How an Architecture Diagram solved the Deadlock

An Architecture diagram can solve the deadlock in a working situation, where text provides supporting information, a diagram can supply vital consensus.

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A lot of the posts here and on other blogs deal with techniques, and that's only right – people go to these blogs to find useful tools, after all. However, this week I'm going to step away from this approach, and talk about a diagram that I created and how it moved things forward when a text document would not.

The reason why it moved things forward is that diagrams extract the essence of a situation, whereas text often provides more supporting information – but people are often unwilling to work through this extra information as they just want to be spoon-fed the minimum information necessary.

In deploying to a customer recently, we had an SQL Server job that was originally scheduled to run overnight – it copied from one database to a datamart, a standard SQL Server Integration Services data copy job. Unfortunately, it turned out that this particular organization needed the ability to kick of the job manually on an ad hoc basis. Not a specific problem; you can kick of jobs programmatically by running the sp_execute job stored procedure, you just need access to a couple of other items.

Or at least, it shouldn't have been a problem. The problem came in that this particular organization a) had pretty limited SQL Server Management expertise in house and b) had chosen to locate our system on the same server that hosted their email archiving system, a high-profile system that was owned by the legal department (what with our living in this litigious age where emails can be subpoenaed).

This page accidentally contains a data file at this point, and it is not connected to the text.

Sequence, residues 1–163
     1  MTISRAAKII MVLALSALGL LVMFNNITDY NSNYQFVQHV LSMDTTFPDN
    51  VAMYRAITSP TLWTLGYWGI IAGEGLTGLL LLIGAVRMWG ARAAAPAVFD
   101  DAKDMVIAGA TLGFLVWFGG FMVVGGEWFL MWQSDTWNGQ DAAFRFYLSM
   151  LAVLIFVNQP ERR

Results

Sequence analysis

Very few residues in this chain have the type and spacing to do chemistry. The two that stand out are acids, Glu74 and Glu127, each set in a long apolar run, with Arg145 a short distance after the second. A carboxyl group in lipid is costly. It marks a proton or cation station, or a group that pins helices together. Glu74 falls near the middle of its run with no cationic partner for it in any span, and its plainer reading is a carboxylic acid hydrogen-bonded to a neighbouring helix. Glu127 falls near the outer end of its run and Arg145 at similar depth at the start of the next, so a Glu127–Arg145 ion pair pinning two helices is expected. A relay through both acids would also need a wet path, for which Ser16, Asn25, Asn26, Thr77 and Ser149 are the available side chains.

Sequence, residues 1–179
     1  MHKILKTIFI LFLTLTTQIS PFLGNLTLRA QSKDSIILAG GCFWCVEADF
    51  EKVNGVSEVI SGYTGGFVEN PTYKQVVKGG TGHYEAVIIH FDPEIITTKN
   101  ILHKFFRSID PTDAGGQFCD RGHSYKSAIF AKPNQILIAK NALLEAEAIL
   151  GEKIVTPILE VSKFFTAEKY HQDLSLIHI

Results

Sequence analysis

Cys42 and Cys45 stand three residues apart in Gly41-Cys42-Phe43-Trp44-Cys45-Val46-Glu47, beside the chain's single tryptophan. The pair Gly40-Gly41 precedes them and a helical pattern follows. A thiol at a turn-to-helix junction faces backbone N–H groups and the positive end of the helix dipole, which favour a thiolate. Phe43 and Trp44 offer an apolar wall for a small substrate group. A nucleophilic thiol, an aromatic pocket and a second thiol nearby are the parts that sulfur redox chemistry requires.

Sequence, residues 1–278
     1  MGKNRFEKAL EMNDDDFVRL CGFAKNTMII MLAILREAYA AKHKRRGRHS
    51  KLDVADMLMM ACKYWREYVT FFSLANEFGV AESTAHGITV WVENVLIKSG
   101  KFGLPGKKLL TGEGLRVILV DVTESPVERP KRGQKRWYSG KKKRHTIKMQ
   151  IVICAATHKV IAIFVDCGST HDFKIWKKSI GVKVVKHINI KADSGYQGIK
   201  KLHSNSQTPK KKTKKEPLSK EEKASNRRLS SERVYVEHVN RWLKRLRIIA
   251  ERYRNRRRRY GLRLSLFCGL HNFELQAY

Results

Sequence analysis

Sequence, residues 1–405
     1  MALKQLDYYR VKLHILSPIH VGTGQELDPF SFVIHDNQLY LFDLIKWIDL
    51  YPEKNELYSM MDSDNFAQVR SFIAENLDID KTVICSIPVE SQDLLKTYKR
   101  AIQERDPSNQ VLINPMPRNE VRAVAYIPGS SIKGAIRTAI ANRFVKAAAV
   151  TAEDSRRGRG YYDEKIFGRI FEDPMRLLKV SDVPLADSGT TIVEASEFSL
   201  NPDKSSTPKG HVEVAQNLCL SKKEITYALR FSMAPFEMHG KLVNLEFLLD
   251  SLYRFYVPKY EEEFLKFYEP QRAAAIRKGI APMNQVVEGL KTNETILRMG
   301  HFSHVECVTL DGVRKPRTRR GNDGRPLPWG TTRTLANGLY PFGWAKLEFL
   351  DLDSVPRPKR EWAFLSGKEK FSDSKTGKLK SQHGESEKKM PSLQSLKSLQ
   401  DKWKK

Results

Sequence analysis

So we tried listing out roles that we'd have the service run under, and the permissions that they  needed – no luck – the DBA in question was openly not reading the document. Escalations up the management chain got nowhere. So, time to try another approach.

“A picture paints a thousand words”. Well, we decided to try an architecture diagram (shown below).

Let's talk through the key points for this diagram. First of all, it was an ArchiMate diagram, as the company in question had standardized on ArchiMate. The security object was modeled as a data object, with the service software as application components.

The objects were arranged left-to-right; this makes things easier to digest. We used grouping and, the result was a success – the DBA finally agreed to make the necessary changes.

So this diagram moved things forward when text did not. A summary of why this was:

  • Most people are visual, especially in IT, and a diagram was easier to digest than a narrative.
  • The use of boxes to show objects and connection lines to show interactions clearly marked out the items involved and how they depended on each other.
  • Showing the overall structure of what could be invoking the services gave context to enable understanding.
  • Providing an easy-to digest diagram also raised the point that the DBA's boss could then see and understand the proposed architecture.

Often it seems like creating a diagram is more work – and it can be. But sometimes it can be the only way to break through the barrier of non-understanding.

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